Economists are sounding alarm bells in Midland stressing if the region doesn’t do something to increase the supply of affordable housing, the economy will not be able to grow.
Because of the area’s abundance of natural resources and the boom of the oil industry, economic activity is expected to fuel the region for the foreseeable future.
With the flood of oil industry workers ascending on the region, the area is in great need of more skilled workers to fill positions needed to service the increase in population. There is a severe lack of workers in a variety of areas such as classrooms, restaurants, retail stores, hotels and hospitals.
“Like everyone else, we worry about a skilled workforce,” said Willie Taylor, chief executive officer of the Texas Workforce Commission’s Workforce Solutions Permian Basin.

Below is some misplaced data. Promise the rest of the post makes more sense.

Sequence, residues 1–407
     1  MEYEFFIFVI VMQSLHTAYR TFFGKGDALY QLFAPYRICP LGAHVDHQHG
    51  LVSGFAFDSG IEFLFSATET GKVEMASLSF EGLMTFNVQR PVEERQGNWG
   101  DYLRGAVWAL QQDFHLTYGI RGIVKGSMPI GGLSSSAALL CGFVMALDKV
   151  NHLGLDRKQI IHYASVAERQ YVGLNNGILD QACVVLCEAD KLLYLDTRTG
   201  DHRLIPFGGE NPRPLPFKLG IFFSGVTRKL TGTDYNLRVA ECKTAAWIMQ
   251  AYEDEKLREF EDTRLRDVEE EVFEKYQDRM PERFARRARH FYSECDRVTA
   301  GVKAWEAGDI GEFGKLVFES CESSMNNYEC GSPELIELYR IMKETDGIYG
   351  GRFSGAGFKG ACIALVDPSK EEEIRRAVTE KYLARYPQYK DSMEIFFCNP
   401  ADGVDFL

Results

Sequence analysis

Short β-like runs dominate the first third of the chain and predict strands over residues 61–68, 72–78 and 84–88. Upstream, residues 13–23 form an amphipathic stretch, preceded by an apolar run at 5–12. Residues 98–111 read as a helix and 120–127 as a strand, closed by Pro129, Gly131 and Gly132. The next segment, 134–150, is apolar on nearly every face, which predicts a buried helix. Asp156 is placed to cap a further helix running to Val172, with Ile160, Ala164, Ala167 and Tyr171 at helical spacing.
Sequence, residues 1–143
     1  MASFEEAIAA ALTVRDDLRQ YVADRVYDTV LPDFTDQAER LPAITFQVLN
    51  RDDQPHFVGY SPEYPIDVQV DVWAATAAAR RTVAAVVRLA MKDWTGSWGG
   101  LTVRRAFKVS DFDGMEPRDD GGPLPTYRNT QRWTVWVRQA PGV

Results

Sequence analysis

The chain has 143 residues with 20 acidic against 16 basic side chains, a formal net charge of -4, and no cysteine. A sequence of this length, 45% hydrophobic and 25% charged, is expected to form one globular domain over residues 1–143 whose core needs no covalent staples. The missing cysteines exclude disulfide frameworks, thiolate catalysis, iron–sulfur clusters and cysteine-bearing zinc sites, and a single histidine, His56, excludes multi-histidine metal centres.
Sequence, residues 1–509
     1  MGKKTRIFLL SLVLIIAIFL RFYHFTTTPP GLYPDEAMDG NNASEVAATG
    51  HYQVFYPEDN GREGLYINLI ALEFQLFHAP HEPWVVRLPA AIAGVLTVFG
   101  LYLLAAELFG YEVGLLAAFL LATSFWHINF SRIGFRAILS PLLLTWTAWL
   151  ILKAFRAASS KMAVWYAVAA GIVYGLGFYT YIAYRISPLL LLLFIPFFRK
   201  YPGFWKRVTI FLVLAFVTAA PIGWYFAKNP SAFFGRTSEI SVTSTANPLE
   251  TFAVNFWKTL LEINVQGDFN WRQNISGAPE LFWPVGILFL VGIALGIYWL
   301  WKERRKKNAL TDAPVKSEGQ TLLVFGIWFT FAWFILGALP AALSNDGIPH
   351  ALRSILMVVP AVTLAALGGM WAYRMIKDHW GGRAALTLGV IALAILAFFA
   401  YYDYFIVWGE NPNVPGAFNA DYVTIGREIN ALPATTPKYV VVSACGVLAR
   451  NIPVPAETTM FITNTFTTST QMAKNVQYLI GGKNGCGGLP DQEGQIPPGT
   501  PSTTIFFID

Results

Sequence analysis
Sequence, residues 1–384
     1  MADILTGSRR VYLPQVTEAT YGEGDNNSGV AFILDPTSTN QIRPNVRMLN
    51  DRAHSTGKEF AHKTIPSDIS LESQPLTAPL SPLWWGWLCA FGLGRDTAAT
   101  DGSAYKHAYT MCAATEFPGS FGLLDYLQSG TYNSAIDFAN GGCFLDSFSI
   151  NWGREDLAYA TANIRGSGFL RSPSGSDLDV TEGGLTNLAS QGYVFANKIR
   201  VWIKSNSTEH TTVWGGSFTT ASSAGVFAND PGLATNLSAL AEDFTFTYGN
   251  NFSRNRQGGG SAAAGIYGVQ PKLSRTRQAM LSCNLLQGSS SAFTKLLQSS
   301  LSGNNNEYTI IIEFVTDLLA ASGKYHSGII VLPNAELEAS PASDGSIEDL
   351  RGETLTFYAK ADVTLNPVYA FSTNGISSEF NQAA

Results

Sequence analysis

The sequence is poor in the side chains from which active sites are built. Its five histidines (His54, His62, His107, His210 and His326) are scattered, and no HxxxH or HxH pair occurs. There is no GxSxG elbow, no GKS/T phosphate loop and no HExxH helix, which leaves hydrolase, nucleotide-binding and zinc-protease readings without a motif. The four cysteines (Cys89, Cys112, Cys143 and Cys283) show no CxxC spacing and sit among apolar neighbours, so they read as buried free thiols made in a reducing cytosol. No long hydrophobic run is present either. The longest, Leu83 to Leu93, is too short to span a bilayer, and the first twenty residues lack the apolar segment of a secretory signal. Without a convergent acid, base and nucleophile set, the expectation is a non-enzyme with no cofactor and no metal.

“You can’t build a community with man camps,” Taylor said. “You need affordable housing, so people can bring in their families. If they bring in their families, they can go to work in retail, in the medical field, in education.”
“The cost of housing is a serious issue,” said Steve Beach, dean of the College of Business at the University of Texas of the Permian Basin. “The effort someone has to put into finding housing takes away from the job at hand. We are far behind on having affordable housing.”